Today’s guest is a friend, and someone who’s amazing on many different levels. She’s Cynthia Pasquella, a certified nutritionist, a bestselling author, and creator of a show called What You’re Hungry For, which is a web series that helps people connect the dots between their emotional life to their food habits. She’s also the founder and director of the Institute for Transformational Nutrition, which is a nutrition certification program that merges nutritional science, psychology, spirituality and business training and coaching skills. She’s inspired her celebrity clients and millions of people to find peace with themselves and their food. Cynthia has a profound story of her own transformation that led her to create her business, and to reach out and touch the lives of millions of people. Cynthia, it’s an honor to have you on the show. Welcome.

 

Cynthia:          Thanks Dave, thanks for having me. It’s definitely an honor to be here.

 

Dave : Tell me your story. Why did you become a nutritionist?

 

Cynthia:          Yeah, that’s a great question. It’s funny, I get asked that question a lot, too, “Why this field?” because I don’t think anyone ever wakes up and says, “I want to make a lot of money, and do a lot of things with my life. I know, nutrition is the way.” No one ever does that. And I certainly had no interest, Dave. I didn’t know a protein from a carb; I didn’t know there was such things. I just knew nothing about nutrition, wellness, health, at all – until I was forced to know these things. Just to give you a little bit of background, I was working many many years ago in Los Angeles in the entertainment industry. I was a model, I was a television host, and things were great. But I very much lived that Hollywood lifestyle, and I was a newcomer to this industry, to this business, which meant like any newcomer to any industry, you have to hustle. You’re trying to make your mark, you’re trying to get to know people, you’re trying to network, and so I was doing all of that. I was working these very long days, and then at night I would go to all of these networking events and parties and get togethers, and what have you.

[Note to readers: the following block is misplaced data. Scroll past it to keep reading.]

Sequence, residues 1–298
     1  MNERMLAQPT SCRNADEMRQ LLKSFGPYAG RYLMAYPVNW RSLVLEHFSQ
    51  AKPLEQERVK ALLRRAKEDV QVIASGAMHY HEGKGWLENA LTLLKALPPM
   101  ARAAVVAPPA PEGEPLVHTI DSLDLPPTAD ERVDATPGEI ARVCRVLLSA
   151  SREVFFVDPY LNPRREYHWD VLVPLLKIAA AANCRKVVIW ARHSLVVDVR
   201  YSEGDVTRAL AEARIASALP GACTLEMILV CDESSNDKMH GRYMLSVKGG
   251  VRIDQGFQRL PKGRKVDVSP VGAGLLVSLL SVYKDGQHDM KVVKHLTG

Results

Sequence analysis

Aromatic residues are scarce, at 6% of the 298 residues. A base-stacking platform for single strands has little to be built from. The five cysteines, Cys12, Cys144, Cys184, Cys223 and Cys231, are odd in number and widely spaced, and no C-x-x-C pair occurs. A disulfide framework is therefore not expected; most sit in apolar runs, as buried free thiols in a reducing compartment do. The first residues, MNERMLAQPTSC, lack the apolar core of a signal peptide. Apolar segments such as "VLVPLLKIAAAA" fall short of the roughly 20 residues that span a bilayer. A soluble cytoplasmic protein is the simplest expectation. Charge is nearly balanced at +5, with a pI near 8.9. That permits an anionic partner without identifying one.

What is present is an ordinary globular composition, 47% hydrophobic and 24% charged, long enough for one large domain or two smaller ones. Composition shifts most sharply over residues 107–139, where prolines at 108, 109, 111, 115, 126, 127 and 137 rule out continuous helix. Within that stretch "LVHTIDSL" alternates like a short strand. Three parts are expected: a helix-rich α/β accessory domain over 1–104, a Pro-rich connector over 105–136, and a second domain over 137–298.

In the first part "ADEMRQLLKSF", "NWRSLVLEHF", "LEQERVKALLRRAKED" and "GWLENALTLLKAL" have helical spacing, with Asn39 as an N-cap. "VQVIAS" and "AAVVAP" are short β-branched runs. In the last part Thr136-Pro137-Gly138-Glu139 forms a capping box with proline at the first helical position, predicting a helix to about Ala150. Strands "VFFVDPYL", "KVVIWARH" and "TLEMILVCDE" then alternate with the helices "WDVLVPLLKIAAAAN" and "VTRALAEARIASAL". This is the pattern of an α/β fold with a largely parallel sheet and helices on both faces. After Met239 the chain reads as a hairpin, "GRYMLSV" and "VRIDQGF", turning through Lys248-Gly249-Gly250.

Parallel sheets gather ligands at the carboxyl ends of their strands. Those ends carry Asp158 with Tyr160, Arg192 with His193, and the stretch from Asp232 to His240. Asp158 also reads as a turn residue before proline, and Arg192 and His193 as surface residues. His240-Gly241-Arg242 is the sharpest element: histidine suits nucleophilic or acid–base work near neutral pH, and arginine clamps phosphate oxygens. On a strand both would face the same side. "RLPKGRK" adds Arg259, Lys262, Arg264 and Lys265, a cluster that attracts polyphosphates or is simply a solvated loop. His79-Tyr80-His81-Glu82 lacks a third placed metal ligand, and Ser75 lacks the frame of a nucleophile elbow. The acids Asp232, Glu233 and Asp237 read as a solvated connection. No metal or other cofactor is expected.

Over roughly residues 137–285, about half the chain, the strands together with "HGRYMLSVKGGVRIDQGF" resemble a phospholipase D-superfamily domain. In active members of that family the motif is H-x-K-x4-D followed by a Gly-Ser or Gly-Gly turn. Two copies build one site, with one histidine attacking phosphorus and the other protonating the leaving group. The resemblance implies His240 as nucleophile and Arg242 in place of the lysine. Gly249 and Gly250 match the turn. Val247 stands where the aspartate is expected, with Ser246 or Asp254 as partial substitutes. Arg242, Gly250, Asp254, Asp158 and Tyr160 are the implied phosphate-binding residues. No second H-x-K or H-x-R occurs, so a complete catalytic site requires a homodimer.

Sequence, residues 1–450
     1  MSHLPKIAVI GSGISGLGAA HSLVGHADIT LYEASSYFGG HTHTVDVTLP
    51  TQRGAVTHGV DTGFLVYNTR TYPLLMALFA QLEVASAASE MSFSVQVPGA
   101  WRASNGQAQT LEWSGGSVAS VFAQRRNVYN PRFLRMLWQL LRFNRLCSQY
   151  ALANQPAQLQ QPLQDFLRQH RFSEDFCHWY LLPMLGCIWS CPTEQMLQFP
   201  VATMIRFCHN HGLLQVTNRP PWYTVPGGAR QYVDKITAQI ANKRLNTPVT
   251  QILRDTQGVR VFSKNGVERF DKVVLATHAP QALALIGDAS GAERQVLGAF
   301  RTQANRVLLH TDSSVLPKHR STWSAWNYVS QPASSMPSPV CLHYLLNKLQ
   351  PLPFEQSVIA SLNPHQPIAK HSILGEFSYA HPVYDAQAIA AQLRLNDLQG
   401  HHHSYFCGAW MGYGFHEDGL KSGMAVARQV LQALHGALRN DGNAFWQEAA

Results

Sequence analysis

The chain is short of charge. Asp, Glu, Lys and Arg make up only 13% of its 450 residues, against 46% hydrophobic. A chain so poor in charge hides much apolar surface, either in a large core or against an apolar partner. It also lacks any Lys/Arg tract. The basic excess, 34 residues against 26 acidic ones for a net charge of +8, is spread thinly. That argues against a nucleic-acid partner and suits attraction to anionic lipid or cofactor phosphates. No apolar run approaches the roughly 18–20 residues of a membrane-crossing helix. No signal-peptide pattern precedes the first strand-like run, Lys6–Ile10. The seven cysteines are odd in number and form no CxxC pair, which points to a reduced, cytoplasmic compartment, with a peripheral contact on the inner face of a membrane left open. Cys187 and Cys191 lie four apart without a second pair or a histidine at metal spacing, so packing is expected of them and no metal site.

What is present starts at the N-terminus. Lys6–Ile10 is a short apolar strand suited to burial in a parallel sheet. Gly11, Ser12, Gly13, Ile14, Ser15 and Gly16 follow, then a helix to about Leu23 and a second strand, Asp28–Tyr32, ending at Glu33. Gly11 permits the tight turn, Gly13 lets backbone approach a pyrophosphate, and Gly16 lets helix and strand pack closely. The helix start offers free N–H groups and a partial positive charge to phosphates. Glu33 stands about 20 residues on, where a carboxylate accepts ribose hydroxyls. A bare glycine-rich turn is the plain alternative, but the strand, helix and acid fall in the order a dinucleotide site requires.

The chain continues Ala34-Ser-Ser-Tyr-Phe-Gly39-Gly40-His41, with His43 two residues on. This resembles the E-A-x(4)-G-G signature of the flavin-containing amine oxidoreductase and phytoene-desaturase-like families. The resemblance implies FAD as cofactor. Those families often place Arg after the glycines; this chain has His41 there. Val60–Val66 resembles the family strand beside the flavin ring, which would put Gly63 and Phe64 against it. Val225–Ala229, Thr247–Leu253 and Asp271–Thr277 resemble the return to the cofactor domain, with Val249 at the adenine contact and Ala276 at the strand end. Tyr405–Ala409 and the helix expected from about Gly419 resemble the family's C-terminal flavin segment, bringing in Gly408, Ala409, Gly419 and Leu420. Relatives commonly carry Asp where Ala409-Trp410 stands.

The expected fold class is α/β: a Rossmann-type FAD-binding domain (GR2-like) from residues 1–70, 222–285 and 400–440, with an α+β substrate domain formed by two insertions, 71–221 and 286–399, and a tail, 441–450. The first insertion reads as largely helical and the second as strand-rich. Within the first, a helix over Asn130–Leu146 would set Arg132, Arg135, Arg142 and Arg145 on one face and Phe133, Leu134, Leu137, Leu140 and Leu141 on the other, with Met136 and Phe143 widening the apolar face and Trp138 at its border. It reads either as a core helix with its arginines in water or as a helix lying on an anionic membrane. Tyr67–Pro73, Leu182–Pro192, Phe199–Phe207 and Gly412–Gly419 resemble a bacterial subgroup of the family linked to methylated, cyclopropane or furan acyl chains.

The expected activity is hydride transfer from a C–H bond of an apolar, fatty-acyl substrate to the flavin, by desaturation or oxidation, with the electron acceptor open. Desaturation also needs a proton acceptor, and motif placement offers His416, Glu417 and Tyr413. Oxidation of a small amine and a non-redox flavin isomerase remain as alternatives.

I was drinking, I was doing a ton of stuff I shouldn’t have been. I was staying out, staying up all night, and it caught up with me really, really quickly. I ended up being about 25, 30 pounds overweight. I had horrible cystic acne, my hair was breaking and falling out, cellulite in places I didn’t know you could get cellulite – and it wasn’t just the physical things either. I had suffered with depression for pretty much my whole life, so that was being triggered in a big way. I was diagnosed with chronic fatigue syndrome. I was completely exhausted, from the time I woke up to the time I went to bed. And it didn’t matter, Dave, if I slept … I could sleep 18 hours and still wake up exhausted. And if that wasn’t enough, I also had short term memory loss. I just couldn’t remember things. It was really a tough situation, and I was just in it.